When I first began submitting, years ago, I was writing shorter pieces, and I barely revised. I had a lot of beginner's luck, as many of those early pieces found homes right away—which, I think, bolstered my confidence to continue. As I've grown older and matured as a writer, my standards have become higher; my eye sharper. These days, I don't submit a piece before it's been through at least a few rounds of revision. Once I finish something I feel has potential, I'll send it to a few trusted readers, and will spend some time with their notes, incorporating what resonates. I'm also a big proponent of letting the material rest—putting it in a proverbial drawer for a few months before dusting it off and looking again with fresh eyes. A little distance and perspective can work wonders.

What type of writer are you when it comes to submitting your work: Do you hold on to a piece for a long time and then have to give yourself a pep talk (if yes, please share) or do you subscribe to a more fuck it hit submit right away approach? If your piece gets rejected, are you one to power through and move on to the next publication or do you sit with it a little longer and try to figure out where you might’ve gone wrong?

When a piece has been through the necessary rounds of revision and drawer time—and if it feels alive and urgent to me—I don't see any reason for holding onto it. Rejection stings, but there is much to be learned from it. As for how I move forward, it depends on the rejection. So many factors go into whether a piece is selected for publication—as an editor myself, I'm lucky to see "behind the curtain" and understand this on a deeper level. If an editor takes the time to offer feedback—a generous act, as many of us work on a volunteer basis—I'll spend some time sitting with it. If it resonates, I'll use it to revise before submitting elsewhere. If it doesn't, I try to bear in mind that taste is subjective and not everyone is my reader (and thank goodness for that).

Is there a rejection letter that stands out in your mind? Something particularly harsh or intense? Or maybe even comical?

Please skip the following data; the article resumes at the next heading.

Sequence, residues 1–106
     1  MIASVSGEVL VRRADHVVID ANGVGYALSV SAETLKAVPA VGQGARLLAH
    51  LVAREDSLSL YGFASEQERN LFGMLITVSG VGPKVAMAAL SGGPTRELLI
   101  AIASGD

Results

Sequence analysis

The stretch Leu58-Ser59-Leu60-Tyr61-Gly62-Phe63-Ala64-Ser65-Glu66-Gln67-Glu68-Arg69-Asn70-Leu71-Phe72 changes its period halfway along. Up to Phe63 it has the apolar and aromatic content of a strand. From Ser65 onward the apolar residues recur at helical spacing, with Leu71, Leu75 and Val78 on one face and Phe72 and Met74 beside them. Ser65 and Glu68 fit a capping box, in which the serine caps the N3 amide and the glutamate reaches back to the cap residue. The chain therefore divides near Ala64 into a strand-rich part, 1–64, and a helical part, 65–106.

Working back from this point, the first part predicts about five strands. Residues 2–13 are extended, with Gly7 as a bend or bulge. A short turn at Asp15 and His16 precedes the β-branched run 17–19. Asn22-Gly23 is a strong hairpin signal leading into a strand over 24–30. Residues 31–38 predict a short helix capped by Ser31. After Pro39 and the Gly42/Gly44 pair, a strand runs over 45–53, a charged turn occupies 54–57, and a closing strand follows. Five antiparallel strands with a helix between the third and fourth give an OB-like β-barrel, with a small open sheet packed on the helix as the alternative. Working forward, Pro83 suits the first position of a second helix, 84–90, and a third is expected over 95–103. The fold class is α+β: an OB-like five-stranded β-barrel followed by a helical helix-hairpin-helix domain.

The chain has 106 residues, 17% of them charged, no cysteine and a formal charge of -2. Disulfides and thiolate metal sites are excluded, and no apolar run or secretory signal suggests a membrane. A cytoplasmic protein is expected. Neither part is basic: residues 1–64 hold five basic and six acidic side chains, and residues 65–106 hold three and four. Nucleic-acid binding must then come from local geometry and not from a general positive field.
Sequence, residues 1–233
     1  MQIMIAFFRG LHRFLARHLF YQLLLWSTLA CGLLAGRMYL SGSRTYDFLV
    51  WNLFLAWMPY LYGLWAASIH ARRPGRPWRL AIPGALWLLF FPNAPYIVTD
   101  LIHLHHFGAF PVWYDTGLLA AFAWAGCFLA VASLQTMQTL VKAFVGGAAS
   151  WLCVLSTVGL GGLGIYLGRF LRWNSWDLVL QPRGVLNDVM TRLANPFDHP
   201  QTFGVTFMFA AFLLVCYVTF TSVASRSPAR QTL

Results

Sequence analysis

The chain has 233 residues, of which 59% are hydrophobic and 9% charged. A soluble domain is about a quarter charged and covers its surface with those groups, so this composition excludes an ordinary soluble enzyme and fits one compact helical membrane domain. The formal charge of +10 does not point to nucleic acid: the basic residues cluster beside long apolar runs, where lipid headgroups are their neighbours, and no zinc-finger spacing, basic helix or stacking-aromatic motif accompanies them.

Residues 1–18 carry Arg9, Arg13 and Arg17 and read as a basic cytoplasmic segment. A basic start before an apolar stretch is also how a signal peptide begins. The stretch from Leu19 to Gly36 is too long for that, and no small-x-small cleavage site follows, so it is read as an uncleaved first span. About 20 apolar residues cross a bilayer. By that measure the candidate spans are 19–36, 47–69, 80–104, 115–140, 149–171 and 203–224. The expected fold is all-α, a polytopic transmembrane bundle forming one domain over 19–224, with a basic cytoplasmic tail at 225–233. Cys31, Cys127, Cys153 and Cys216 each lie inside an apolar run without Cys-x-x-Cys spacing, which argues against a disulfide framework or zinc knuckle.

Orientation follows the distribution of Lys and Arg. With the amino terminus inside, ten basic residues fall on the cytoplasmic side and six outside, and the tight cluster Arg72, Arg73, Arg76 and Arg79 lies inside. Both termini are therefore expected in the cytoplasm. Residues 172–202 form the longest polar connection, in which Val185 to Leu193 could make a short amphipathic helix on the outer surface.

There's one that sticks out in my mind from a few years back—it was incredibly complimentary, yet bizarrely detailed. The editors had compiled each of their positive and negative responses to the piece and my writing in general, which were followed by a play-by-play of the conversation that had happened around the piece; how they were this close to accepting, but ultimately decided against it. They proposed an alternate opening, and heartily encouraged me to submit in the future. A near-miss should read as a vote of confidence, but for some reason that one stung more than a form rejection might've—it felt deeply personal. Looking back, the reason they listed for not accepting the piece was probably correct—and I ended up tabling it for the time being—but I definitely didn't need that much information about the ins and outs of their editorial discussion.

What publication or magazine would you love to see yourself in someday? Or, if you have already been published in your dream pub, tell us about the experience.

The Sewanee Review has long been on my list of dream publications—I subscribed several years ago for the specific purpose of reading Stephanie Danler's essay "Stoned Fruits" and have been a great fan ever since. It's one of the only journals I consistently read cover-to-cover—I am always so excited by the work they put out. After submitting and being rejected once, I'm happy to share that I have an essay coming out with them later this year! I submitted to their annual contest, and though my piece didn't place, they decided to publish it anyway

Like everyone else, I also dream of being published in The Paris Review (where I was an intern many years ago), The New Yorker, and Granta. I've also been very impressed by The Yale Review lately, and Freeman's. If Astra Magazine were still around, it would be high on my list.

Is being published all it’s cracked up to be? What is your advice for writers who are working on getting published?

I think that depends on what you imagine it's cracked up to be. Recognition provides a nice (if fleeting) dopamine hit, and a byline in a well-respected publication can certainly open doors. Ultimately, there's no secret to being published beyond working hard on your craft, reading widely and voraciously, and hitting submit. But I do recommend spending time with the publications you're interested in to become familiar with what kind of work they're putting out—and doing some research to find out where the writers you admire were first published.

Okay, you are really hungry and in front of a sub shop. What is your all time favorite sandwich order?

Going to pivot from sub shop and pretend I'm in front of Gjusta or Courage Bagels here in LA, which make a few of my favorite versions of the following: a toasted bialy with labne, smoked salmon, Persian cucumbers, lettuce, tomato, thinly-sliced red onion, capers, dill, and a lot of lemon.